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#CRClistens: 9 Tips for Entering & Sticking with Tough Dialogue

Often the toughest conversations offer the most important learning. Sometimes the conversations we work hardest to avoid, we most need to enter. Tough conversations can be hard to navigate and risky. So how do we “go there” in a healthy way?

Below are some tips for entering and staying with tough dialogue, drawn from 20 years of work in Dialogue Education. Tough dialogue ought not be feared, but can bear gifts to those who dare the journey. Which of these tips best offers a way for you to stay longer in tough dialogue?

1. Be genuinely curious. When we don’t want to learn, understand, or see the viewpoint of another, we won’t. Enter dialogue with open questions you really care about and with a real desire to “get” where the person is coming from and what is behind his/her position. Even more, enter dialogue hoping for clarity and information that may actually challenge your ideas in a healthy way and encourage personal positive growth.

2. Don't focus on “winning.” When we enter to win, the dialogue can quickly become polarized and move us to take sides. Open and honest dialogue is not about winning a fight: it is about hearing each other, respecting one another’s’ viewpoints, and believing we can both move to a better place as a result of this interaction.

3. Talk less, listen more. When we are passionate, especially when the person we are talking to is not as passionate as we might be, we can get excited and tend to talk faster and fill more of the time. This is normal. However, this can shut down the person we are with or make them defensive. Watch how much you talk, and know you will learn more by listening. It often takes courage to share what we are most passionate about. Work hard to invite people in; help them feel safe; ensure they know you are genuinely curious about their viewpoints. In other words, be quiet.

4. Ask questions for understanding. There are many types of questions we can ask each other to encourage sharing, and closed questions aren’t one of them. Ask open questions to gain understanding: “What do you think about …” or “What has been your journey to ….” Ask digging deeper questions to ensure deeper sharing: “Tell me more about…” or “You mentioned…, what more can you tell me about that?” Ask powerful open questions: “What would you need to hear or see to have you …” or “What would have to change in your work or family to enable you to more fully ….” Asking these kinds of questions and taking time to truly hear the response tells the person you are with that you care and want to understand.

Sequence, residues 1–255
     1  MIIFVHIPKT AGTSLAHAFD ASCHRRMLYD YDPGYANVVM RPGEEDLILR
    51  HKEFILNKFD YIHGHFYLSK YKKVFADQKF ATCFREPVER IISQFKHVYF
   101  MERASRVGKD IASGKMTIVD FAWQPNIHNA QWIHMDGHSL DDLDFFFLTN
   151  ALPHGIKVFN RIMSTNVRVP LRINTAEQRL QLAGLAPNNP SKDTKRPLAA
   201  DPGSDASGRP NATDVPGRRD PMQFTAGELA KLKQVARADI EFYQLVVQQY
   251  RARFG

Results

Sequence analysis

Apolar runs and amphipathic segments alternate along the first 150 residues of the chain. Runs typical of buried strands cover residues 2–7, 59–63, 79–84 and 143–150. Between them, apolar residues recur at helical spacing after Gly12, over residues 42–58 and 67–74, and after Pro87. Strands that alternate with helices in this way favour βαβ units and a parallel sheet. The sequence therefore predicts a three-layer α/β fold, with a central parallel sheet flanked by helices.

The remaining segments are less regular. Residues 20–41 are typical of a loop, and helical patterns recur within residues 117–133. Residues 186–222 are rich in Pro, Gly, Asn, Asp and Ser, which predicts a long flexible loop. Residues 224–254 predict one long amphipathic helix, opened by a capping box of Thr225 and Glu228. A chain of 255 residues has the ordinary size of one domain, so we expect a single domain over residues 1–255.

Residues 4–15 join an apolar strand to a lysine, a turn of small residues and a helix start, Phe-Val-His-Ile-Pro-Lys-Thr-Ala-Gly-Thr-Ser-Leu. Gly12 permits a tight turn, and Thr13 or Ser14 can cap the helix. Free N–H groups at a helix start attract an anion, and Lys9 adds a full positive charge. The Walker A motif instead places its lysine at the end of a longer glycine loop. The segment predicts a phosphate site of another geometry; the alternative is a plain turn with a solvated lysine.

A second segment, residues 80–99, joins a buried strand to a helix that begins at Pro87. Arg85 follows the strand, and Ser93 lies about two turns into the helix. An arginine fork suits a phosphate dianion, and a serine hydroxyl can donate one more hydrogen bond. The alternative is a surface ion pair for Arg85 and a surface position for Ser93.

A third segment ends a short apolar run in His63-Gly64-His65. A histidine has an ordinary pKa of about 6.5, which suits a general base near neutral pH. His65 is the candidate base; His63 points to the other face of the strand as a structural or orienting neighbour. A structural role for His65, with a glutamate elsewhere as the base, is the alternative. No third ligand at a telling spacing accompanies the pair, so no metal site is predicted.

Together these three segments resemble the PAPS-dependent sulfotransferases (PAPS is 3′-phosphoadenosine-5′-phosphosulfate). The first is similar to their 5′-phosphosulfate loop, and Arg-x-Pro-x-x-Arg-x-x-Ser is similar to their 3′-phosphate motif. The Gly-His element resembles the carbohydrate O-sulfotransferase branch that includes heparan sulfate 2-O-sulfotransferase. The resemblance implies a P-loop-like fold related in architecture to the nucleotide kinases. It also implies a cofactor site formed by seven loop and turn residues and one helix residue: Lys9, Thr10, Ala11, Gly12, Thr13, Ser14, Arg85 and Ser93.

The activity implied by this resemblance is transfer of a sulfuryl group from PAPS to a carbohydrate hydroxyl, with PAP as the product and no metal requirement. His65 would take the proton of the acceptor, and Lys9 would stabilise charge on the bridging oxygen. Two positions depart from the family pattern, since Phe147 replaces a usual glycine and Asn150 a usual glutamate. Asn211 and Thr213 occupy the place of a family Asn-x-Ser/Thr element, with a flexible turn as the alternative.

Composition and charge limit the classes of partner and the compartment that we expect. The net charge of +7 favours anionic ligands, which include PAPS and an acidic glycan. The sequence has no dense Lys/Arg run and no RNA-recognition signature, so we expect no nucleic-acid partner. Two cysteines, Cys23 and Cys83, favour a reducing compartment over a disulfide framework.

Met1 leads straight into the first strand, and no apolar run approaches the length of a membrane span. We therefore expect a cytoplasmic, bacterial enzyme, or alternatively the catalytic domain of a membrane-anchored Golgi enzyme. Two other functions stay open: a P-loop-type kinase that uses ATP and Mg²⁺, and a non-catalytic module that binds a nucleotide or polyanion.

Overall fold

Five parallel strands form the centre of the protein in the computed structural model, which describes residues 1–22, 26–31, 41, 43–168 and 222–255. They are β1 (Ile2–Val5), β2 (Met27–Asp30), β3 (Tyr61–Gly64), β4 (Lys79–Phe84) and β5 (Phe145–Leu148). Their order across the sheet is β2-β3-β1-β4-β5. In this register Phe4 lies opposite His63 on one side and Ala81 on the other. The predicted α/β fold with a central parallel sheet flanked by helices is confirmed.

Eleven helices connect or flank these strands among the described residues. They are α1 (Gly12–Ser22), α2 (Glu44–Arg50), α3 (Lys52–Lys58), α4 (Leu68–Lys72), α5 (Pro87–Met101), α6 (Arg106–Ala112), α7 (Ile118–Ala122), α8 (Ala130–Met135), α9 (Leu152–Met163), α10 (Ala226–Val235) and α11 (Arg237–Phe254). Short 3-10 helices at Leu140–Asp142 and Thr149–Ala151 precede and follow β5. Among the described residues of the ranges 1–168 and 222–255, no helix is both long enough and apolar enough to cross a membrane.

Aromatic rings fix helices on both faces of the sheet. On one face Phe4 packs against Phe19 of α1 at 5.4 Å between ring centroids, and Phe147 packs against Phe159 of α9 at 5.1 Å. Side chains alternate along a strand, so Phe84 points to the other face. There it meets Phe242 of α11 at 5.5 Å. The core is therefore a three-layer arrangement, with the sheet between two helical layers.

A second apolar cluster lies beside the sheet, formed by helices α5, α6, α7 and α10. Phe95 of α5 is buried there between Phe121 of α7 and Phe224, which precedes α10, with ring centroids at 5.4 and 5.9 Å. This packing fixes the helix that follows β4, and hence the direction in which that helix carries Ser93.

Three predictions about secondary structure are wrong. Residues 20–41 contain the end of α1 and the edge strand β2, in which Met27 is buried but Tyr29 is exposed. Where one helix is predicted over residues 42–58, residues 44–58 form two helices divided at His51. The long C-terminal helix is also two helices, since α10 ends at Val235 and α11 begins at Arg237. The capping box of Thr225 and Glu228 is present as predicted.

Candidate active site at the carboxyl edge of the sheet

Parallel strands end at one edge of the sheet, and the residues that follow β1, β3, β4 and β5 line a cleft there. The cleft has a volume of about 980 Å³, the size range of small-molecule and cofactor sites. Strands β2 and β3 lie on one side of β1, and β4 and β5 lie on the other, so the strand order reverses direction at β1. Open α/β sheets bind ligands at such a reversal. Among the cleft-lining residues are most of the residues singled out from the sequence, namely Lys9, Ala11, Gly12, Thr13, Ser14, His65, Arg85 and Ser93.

5. Ask head and heart questions. Our beliefs and passions are directly and deeply connected to our heart and our emotions. When talking about issues we care and feel strongly about it is helpful to ask what people “think” about things as well as how they “feel” about them. Both will offer insights into the people you are with. Head and heart questions will shed light on “what” they believe and “why” they believe it—both are part of who we are as human beings.

6. Be gentle. Talking about issues about which we care deeply is not easy, for either “side”. Know this is just a small piece of more discussions and sharing that needs to happen; believe that even if you just scratched the surface it was all that was needed at that time; know that if the dialogue was respectful, seeds have been planted and there will be other opportunities to further our learning journeys.

7. Prepare yourself. We don’t always know when we will enter tough or challenging dialogue. However, when you are aware this will happen preparing yourself for it is wise. Calm yourself, know deep listening will be needed, and enter the dialogue with genuine curiosity.

8. Stay humble. We all know and believe what we do because of our personal experiences, education, faith, family and environment. Since this is unique to each of us, it makes sense that our beliefs are also our own. We all have insights to offer others and also have much to learn. Enter with humility and know life is a journey of surprising discovery.

9. Trust God. We do our best and need to trust that God is present to work in our hearts and minds to help clarify, move us to repent, and help us repent. The time will come for each of these for all of us.

Entering into dialogue with someone about challenging topics that are important to us can be rewarding. Which of these tips would help you to do so more often?

Editor's note: This is our last post in the #CRClistens series. Thanks for learning with us! How will you put what you've learned into practice? We invite you to pray along with us that the Spirit will move at the Christian Reformed Church's annual Synod gathering and that delegates and those watching the proceedings from afar will engage with each other in ways that build up the Body of Christ, honor the image of God in all people, and make for respectful dialogue.

To engage in the conversation on social media, use the hashtag #CRClistens. If you'd like to comment on this post, please do so on the CRC Network or on the Christian Reformed Centre for Public Dialogue or Office of Social Justice Facebook pages.

[Image: "Listen" by Flickr user Ky, used under Creative Commons Attribution 2.0 Generic License]

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